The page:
Maud Perifanis wasn’t unduly worried when her husband didn’t return home one evening as he often stayed in his office when he was working and the news that he had been killed in a car accident, well out of Athens on the Saronic Gulf, was a shock to everyone in the house on Paradise Street where the extended family lived. Nikitas had been brought up by his aunt Alexandra and her husband and she now lived in one apartment, Orestes (his son from his second marriage) in the studio and he, Maud and their daughter Tig lived in a third apartment. There was someone missing though. Antigone was Alexandra’s sister – and Nikitas’ mother – but she’d left Greece for Russia when he was three and he hadn’t seen her since. She was over eighty when she heard the news and she came back for the funeral.
It took me quite a while to open this book. The cover suggested the sort of women’s fiction where the poor-but-honest heroine makes good despite all the obstacles she meets. The title reinforced the idea and it was a pleasant surprise to find a thought-provoking story between the covers. There’s a feud – a very deep-seated division – between the two elderly sisters and Maud decides to investigate what caused this. It wasn’t just therapy, but it did help her to come to terms with what happened. Did the feud have any bearing on Nikitas’ distress in the days immediately before his death? There was a big question needing an answer too. Who was Nikitas’ father? It’s not just Maud’s curiosity, or so she believes, as this man is also grandfather to her daughter and step-son.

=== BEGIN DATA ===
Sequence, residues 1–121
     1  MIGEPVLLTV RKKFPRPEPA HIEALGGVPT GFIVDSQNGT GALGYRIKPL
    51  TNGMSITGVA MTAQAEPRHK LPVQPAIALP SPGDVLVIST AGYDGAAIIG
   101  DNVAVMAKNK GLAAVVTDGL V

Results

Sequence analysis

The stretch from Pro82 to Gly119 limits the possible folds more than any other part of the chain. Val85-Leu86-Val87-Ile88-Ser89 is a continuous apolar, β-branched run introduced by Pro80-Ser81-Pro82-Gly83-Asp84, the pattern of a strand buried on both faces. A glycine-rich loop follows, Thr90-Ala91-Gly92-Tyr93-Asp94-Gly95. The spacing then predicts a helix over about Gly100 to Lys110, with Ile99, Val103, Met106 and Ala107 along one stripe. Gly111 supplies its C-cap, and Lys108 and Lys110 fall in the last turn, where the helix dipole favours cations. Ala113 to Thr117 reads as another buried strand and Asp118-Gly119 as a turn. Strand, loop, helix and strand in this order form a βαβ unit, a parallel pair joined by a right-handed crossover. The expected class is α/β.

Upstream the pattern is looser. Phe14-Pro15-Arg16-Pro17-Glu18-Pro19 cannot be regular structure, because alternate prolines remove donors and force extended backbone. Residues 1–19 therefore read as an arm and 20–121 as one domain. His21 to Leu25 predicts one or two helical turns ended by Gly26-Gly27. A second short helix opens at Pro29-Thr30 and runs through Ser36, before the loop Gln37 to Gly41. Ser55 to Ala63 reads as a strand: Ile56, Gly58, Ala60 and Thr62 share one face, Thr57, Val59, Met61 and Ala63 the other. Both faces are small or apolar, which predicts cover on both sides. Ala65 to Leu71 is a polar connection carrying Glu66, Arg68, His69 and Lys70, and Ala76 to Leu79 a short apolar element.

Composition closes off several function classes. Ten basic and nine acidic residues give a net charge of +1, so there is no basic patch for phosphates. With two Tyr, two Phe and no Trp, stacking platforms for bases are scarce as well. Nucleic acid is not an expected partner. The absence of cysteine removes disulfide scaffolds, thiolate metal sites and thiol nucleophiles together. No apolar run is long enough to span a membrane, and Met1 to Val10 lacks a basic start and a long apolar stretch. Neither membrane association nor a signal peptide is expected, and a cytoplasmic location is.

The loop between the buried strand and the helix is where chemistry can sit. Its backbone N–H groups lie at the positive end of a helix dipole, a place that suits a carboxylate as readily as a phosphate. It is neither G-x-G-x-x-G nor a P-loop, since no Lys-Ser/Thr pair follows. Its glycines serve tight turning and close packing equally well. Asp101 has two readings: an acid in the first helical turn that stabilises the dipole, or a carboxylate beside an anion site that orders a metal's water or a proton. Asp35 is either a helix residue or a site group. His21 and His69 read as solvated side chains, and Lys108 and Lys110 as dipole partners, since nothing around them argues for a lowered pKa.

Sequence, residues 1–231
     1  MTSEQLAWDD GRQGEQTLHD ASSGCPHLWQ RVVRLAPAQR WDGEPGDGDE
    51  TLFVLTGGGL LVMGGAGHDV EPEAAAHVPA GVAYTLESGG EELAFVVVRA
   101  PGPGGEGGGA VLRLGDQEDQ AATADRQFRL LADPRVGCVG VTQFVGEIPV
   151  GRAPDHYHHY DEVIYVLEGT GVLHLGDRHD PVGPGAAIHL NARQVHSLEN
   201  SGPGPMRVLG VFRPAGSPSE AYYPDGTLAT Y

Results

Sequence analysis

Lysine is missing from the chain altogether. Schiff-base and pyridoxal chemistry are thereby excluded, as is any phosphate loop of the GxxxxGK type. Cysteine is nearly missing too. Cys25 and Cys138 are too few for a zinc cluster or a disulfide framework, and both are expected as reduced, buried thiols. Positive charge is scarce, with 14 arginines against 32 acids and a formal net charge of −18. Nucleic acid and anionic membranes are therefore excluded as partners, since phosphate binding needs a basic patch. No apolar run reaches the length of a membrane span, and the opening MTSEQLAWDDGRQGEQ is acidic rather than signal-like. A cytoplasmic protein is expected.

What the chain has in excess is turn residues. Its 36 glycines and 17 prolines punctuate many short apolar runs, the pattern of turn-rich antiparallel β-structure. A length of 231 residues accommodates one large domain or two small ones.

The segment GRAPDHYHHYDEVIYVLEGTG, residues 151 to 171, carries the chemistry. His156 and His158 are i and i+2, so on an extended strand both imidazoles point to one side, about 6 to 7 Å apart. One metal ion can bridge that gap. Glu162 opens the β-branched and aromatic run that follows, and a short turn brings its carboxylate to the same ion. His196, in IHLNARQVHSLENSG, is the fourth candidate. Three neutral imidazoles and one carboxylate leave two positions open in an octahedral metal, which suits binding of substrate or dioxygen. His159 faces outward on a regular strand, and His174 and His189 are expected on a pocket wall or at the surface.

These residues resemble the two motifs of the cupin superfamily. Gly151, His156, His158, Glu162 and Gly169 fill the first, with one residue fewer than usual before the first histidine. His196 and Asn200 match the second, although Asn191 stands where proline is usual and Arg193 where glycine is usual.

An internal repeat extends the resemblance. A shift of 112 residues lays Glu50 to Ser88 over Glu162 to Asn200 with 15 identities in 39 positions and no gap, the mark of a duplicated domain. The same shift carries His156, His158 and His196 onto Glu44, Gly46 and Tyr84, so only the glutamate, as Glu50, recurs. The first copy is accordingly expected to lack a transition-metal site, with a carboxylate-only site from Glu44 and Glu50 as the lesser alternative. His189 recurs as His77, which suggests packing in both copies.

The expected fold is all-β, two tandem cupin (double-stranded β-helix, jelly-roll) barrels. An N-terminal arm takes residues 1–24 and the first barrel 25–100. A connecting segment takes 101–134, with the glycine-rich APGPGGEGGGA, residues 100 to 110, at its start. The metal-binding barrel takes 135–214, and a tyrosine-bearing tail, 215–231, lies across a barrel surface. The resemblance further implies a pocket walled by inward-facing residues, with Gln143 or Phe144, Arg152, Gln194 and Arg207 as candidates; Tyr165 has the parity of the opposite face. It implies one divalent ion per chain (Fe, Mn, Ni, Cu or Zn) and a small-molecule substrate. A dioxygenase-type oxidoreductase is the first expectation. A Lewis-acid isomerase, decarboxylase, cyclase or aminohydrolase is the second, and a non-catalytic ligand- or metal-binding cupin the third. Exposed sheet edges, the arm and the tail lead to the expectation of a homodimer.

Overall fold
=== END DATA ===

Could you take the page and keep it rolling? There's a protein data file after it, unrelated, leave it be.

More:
It’s many years since I’ve been to Athens (I hesitate to admit that it was in the time of the Junta) but Sofka Zinovieff brings it off the page as a character in its own right. My recent ‘visits’ have been via the television screen and it’s been easy to forget that Greece’s current problems have a history going back decades. Most people know of the Spanish Civil War but how many know that the same thing happened in Greece? We think of Greece as part of the ancient world but the truth is that modern Greece has a relatively short history and there have been decades of cruel repression, state-sanctioned torture and even murder.
This might make the story seem as though it’s rather dry but it’s not. Nikitas was dead when the story began but his personality infuses the book. His early years were spent in prison with his mother and he’s worn the fact as a badge of honour ever since. Maud was his third wife and even then ‘faithful’ wasn’t one of the adjectives which would have sprung to anyone’s mind – least of all Maud’s. Maud puts me in mind of Zinovieff – English by birth but living in Greece – and there’s a real sense of not being part of either culture, of a loss of identity echoed by the sense of loss which pervades the book.